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Senators: CIA stalling on review of Iraq report

'Not a flattering picture,' Intelligence Committee chief says


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Iraq
Pat Roberts
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George J. Tenet

WASHINGTON (CNN) -- Senate Intelligence Committee members are accusing the CIA of hindering the release of a report that gives an unflattering assessment of pre-war intelligence on Iraq.

Committee chairman Pat Roberts, a Kansas Republican, said Sunday that his committee plans to approve the report with "almost unanimous" support this week. But the CIA is still reviewing the document to prevent the release of classified information and intelligence methods.

Roberts said the agency was supposed to have completed its review two weeks ago, and committee staffers are saying additional delays are likely.

"It's taking too long," Roberts said.

The committee's ranking Democrat, Sen. Jay Rockefeller, said the CIA appears to be stonewalling.

"I'm not sure that they would necessarily disagree with a lot of the facts that we have in there," the West Virginia Democrat said. "But for some reason, they're delaying it. They don't want it out."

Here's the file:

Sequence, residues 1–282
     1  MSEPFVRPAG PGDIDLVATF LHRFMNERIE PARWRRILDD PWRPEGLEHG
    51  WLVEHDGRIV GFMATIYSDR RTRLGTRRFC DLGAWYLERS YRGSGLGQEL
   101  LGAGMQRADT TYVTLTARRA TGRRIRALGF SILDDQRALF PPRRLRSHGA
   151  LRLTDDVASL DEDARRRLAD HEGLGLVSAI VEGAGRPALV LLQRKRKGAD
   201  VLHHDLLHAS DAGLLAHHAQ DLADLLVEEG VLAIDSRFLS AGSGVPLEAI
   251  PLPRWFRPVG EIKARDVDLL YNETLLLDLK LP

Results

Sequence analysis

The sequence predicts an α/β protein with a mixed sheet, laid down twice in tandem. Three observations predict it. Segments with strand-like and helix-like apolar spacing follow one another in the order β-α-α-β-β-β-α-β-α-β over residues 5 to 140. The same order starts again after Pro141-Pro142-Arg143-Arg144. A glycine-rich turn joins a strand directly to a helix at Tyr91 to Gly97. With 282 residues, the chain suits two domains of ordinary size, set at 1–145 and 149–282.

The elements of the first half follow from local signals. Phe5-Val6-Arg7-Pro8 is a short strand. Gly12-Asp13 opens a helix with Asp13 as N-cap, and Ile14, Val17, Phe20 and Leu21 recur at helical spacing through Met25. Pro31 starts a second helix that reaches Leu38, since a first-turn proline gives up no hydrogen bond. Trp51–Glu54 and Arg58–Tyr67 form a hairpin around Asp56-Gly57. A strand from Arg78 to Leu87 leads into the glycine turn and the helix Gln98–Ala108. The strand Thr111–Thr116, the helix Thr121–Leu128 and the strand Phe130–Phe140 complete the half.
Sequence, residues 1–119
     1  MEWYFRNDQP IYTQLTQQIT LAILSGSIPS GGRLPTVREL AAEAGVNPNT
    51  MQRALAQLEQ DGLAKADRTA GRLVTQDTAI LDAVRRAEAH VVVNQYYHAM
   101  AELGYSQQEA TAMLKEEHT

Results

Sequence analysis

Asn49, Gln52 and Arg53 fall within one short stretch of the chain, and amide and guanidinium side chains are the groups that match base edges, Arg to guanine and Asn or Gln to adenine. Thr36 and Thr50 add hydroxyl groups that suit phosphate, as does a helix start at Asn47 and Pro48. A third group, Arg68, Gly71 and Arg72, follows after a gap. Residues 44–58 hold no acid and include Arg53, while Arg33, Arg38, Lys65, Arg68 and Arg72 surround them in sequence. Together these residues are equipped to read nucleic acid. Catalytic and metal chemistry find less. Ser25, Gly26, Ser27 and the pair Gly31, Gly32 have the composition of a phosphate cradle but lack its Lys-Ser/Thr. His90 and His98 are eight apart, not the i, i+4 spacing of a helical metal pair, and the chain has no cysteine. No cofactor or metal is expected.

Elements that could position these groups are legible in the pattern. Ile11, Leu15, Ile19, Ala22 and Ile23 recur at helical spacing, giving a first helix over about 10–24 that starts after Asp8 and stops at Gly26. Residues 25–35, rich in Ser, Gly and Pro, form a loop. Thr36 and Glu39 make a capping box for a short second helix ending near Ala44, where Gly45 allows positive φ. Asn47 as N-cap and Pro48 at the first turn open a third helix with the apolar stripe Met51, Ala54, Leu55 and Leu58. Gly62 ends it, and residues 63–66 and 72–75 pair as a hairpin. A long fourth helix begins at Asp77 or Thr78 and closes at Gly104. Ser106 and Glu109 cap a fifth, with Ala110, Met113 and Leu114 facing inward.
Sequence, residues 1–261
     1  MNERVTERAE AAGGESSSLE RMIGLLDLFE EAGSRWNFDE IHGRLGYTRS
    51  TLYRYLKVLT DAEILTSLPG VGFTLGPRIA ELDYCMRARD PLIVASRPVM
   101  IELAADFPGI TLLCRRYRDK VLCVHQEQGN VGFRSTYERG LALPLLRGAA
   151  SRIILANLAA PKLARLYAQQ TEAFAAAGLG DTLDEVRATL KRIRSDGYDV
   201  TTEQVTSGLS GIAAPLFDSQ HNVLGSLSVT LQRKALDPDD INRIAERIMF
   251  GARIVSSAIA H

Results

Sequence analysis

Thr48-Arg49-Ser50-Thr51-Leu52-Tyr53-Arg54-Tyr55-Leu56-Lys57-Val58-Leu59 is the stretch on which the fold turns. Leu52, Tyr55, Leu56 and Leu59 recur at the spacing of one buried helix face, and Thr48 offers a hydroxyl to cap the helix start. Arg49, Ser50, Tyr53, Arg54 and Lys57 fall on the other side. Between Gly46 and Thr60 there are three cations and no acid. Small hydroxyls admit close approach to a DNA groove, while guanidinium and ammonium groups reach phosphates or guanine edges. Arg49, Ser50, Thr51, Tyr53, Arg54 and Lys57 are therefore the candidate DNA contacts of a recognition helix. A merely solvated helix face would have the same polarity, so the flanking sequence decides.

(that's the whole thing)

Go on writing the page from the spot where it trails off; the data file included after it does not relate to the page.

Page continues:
A CIA official said Sunday that clearing the report for publication is "a very exacting process."

"You have to take care to ensure intelligence sources are not inadvertently released that can prove damaging to collection efforts," the official said. "But we continue to work with [the] committee on this."

Roberts would not discuss report details, but said, "It's not a flattering picture."

"The report by itself is not a good-news report," he said. "But on the other side of it, it will allow us to set the predicate to move immediately to the reform issues."

The Intelligence Committee spent about nine months investigating how U.S. and other intelligence agencies concluded that Iraq was maintaining stockpiles of chemical and biological weapons and long-range missiles, and was trying to develop nuclear weapons, all in violation of U.N. resolutions.

That conclusion was the principal reason for the U.S.-led invasion of Iraq in March 2003 that deposed Iraqi leader Saddam Hussein. But more than a year after Saddam's fall, all that has been found of those suspected stockpiles are two chemical artillery shells.

"It was an assumption train, and the assumptions were wrong," Roberts said.

Although U.S. inspectors found evidence that Iraq had concealed weapons research from the United Nations, the former chief of the U.S. inspection team told Congress in January that he believed it unlikely that any large stockpiles of banned weapons would turn up.

Meanwhile, with the Senate report pending and the commission investigating the attacks of September 11, 2001 due to report next month, CIA Director George Tenet has announced he will step down in mid-July.

Rockefeller said he believed Tenet's explanation that his resignation was for personal reasons, but added, "I don't think he was looking forward to this report."


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